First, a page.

Caritas Pirckheimer and Willibald Pirckheimer

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Caritas Pirckheimer and Willibald Pirckheimer

Abbess and humanist


Lawyer and humanist


Elite Roots. Caritas and Willibald Pirckheimer were a sister and brother, members of a prominent family from Nuremberg in southern Germany, renowned for their education and concern for religion. Their lives point out the ways in which gender shaped the opportunities for learning open to men and women, but also demonstrate the ways in which family background and personal characteristics could work to lessen gender differences. Caritas and Willibald were born into a family that prized education and cultural achievements. Their great-grandfather and grandfather both studied law in Italy, where they became acquainted with the new style of learning, termed humanism, that prized reading and study of texts in their original languages rather than depending on the opinions of more recent commentators. Their grandfather was a member of the city council of Nuremberg, and also wrote philosophical treatises and studied the works of Italian humanists. He encouraged his son Johannes (circa 1440-1501), the father of Caritas and Willibald, to study further and to buy books; eventually Johannes came to own one of the largest private libraries in all of Germany, which he passed on to his son, and that has survived largely intact until today, now part of a public library in Germany.

Opportunities for Learning. Caritas and Willibald thus grew up in a household centered on education and literary pursuits. Their father was employed as a lawyer for the bishop of a city near Nuremberg and made a good income; he gathered other people who were interested in learning into an informal discussion group that met in his own house—termed a sodality—and the children were often welcome at these meetings. Along with Caritas and Willibald, seven of Johannes’s other daughters survived infancy.

Divergent Paths. During adolescence the paths of Caritas and Willibald diverged in terms of their living situations, though not in terms of their values and ideas. Like his ancestors, Willibald studied law and Greek philosophy in Italy and returned to Nuremberg to become a member of the city council, a position he held for more than twenty-five years. He married in 1495, and his wife quickly had several children; she died in childbirth in 1504, leaving him a widower with five small daughters. In contrast to the usual pattern for widowers, Willibald did not remarry but found another solution to the problem of raising his daughters: he placed three of them when they were quite young in one of the local convents, already the home of several of his sisters.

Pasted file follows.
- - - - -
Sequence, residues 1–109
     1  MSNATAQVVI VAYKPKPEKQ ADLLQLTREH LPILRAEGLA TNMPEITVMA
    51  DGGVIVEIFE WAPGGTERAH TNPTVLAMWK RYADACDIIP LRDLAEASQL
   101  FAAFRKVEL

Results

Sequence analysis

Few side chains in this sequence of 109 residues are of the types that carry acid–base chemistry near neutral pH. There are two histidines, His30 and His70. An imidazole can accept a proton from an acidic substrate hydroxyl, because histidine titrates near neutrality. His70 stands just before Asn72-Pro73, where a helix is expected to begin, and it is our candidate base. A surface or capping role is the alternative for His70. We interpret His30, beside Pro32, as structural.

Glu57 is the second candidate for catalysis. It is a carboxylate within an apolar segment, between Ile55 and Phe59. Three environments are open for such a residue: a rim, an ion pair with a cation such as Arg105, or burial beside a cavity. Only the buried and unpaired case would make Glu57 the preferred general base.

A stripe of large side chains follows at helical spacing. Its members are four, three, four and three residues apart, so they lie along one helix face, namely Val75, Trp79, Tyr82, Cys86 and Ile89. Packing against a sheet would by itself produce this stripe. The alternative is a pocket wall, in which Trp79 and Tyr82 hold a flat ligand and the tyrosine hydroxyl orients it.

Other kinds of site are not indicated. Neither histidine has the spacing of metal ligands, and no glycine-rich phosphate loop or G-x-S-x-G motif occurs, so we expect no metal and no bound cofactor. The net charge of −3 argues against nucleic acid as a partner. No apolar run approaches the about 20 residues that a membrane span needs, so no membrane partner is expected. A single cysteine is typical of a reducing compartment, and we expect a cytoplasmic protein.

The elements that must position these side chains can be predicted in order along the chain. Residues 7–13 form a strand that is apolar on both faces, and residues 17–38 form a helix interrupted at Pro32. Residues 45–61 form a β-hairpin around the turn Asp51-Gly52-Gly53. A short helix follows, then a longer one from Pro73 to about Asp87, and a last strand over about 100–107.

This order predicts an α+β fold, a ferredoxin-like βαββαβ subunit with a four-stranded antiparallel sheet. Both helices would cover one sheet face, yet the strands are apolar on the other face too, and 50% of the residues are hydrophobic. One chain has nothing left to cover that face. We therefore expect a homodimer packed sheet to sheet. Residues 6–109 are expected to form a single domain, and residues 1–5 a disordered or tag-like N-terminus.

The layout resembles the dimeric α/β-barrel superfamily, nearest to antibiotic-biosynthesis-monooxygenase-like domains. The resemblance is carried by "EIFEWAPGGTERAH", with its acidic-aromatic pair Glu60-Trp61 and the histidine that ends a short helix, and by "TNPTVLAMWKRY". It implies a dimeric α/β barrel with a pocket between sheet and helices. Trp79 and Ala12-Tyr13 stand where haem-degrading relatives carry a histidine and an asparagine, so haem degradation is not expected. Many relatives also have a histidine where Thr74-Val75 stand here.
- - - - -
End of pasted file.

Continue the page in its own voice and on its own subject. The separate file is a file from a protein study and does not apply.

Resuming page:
Studies Pursued. Willibald continued his humanistic studies throughout his life, teaching himself Greek to a level at which he could skillfully translate it into Latin. He also became friends with many cultural and intellectual leaders of Germany, including the painter Albrecht Diirer (who was also from Nuremberg), and the Dutch humanist scholar Desiderius Erasmus; they corresponded with him and joined the Pirckheimer sodality when they were in Nuremberg. Willibald’s letters to them survive and provide much information about the personal and intellectual connections among Germany’s leading thinkers.

Chosen Path. In the late 1510s, discussion among educated people in Nuremberg as elsewhere in Germany began to revolve around the ideas of Martin Luther and other reformers. Willibald acquired many of Luther’s writings for his library, and he became personally acquainted with Luther in 1518 when the reformer stopped in Nuremberg. When in 1525 the city of Nuremberg decided to break with the Catholic church and become Protestant, however, Willibald was not convinced that this path was the correct one; he hoped to reform the Catholic Church from within rather than split it apart. His desires for reconciliation and peace among different religious factions made him seem old-fashioned, and at the end of his life he resigned from the city council and sought comfort in his classical studies.